An Ohio children’s hospital's decision to shift marketing from acute, life-threatening illnesses to pediatric wellness seems to be working.
On the Akron Children’s Hospital’s Web site, these pediatric care videos are getting about 3.5 times as many online views as previous heart-wrenching acute care videos, which focused on cancer and leukemia, heart disease, and neurological, bone and muscular disorders.
The videos, which will also be used in TV and movie theater advertising, take medicine down to a 5-year-old’s level. The three 30-second videos feature kids only; no adults are seen or heard. The campaign, which rolls out this spring and summer, is from advertising agency Marcus Thomas, Cleveland.
Based on research (Forrester plus other, secondary sources) indicating that Millennial parents give increased weight to their kids’ opinions in choosing healthcare, the breaking campaign has four well kids, ages 4 to 6, share their expertise. All are real patients, filmed in real Akron Children’s doctors’ offices.
In “Germs,” the kid
explains that “germs go everywhere in your body, then they come right back up. It makes you cough or [doubles over, theatrically] throw up. Other spots include “Listen” and “Tools.”
The campaign runs on prime-time broadcast, and, reflecting its chief target, namely moms of kids under 6, also in movie theaters with mostly G-rated films, such as Universal Pictures’ “Despicable Me” spinoff, “Minions” (premiering July 10).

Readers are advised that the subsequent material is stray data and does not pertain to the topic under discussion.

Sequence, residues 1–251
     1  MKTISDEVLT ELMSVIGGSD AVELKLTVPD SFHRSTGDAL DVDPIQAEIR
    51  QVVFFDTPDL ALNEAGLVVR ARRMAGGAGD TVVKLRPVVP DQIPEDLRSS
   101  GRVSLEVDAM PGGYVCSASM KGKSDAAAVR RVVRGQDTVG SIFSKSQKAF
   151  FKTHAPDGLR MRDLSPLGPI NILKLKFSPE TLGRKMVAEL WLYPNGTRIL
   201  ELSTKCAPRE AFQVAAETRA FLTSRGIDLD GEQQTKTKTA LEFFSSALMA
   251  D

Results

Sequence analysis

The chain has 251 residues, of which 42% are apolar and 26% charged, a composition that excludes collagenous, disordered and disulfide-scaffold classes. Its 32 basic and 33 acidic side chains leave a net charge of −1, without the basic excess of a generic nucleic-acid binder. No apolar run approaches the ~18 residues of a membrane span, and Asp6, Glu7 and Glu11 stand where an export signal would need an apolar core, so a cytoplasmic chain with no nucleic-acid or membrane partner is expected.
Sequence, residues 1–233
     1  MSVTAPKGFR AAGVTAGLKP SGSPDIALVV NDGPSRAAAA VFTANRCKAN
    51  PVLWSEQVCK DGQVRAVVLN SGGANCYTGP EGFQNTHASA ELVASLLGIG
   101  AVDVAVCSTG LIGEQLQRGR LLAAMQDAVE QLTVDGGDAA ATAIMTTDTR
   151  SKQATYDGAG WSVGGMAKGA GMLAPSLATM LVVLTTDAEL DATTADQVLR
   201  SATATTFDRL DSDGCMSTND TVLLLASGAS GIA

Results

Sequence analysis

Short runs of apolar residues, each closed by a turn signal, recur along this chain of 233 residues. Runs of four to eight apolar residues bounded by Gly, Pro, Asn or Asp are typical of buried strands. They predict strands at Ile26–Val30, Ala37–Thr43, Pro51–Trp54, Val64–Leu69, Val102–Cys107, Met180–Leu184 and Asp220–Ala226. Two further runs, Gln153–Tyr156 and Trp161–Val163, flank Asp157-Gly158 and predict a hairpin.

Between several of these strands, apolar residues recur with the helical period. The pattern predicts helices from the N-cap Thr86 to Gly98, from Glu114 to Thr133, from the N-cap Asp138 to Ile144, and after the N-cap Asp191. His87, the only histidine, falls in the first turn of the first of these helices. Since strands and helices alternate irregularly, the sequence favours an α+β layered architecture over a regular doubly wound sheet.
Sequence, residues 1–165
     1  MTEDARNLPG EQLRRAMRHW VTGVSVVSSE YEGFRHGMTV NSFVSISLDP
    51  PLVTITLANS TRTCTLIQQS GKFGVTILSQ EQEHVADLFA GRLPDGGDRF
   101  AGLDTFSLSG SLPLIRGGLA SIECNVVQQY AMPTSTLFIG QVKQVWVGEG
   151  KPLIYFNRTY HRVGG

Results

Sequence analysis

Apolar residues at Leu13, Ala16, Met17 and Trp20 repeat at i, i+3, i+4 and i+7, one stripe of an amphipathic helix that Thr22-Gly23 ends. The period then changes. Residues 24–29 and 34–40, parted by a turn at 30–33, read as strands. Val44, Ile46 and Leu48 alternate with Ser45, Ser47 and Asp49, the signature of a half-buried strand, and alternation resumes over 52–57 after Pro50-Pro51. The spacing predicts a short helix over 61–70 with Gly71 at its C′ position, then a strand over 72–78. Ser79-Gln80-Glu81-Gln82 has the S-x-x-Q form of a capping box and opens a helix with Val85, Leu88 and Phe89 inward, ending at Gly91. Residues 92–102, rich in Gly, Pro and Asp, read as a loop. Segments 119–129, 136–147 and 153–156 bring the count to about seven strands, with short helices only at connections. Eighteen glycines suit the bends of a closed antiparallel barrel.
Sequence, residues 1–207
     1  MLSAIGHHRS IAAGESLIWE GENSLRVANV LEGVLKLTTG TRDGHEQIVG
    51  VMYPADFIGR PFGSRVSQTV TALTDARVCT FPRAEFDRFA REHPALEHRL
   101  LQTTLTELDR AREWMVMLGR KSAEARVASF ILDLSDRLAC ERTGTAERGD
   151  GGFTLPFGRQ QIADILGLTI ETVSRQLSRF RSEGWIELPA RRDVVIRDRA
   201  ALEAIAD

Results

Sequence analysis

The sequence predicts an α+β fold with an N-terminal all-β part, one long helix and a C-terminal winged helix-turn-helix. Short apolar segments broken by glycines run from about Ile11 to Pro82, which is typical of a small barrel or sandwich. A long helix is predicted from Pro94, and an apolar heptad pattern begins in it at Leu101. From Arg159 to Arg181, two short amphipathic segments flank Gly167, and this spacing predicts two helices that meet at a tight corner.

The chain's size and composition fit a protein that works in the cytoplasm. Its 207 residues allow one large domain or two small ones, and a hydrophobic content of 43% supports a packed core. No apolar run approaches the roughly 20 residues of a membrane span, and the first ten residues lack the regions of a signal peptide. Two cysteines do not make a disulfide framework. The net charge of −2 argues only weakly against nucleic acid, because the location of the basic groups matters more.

“All of our spots use a documentary style, so even when they’re about acute care, they are not treated in a ‘heavy’ way,” says Beth Smith, Akron Children’s Hospital VP, marketing and public relations. “We loved the idea of kids just being kids in these new spots, though. And since all parents can relate to them, they are more universal than those about a particular type of condition or illness might be.”
The spots work well to increase awareness of services, she says.
“The online versions have been very popular, and have boosted our social media engagement scores dramatically,” Smith tells Marketing Daily.
The hospital has 23 primary care locations. Smith says the campaign is “an adjunct to, not a shift from, [focusing on] acute care.
“Our ads are meant to offer a glimpse of the special environment and awesome staff at Children’s,” she says. “We are focused on that, and supporting the health of kids any way we can.”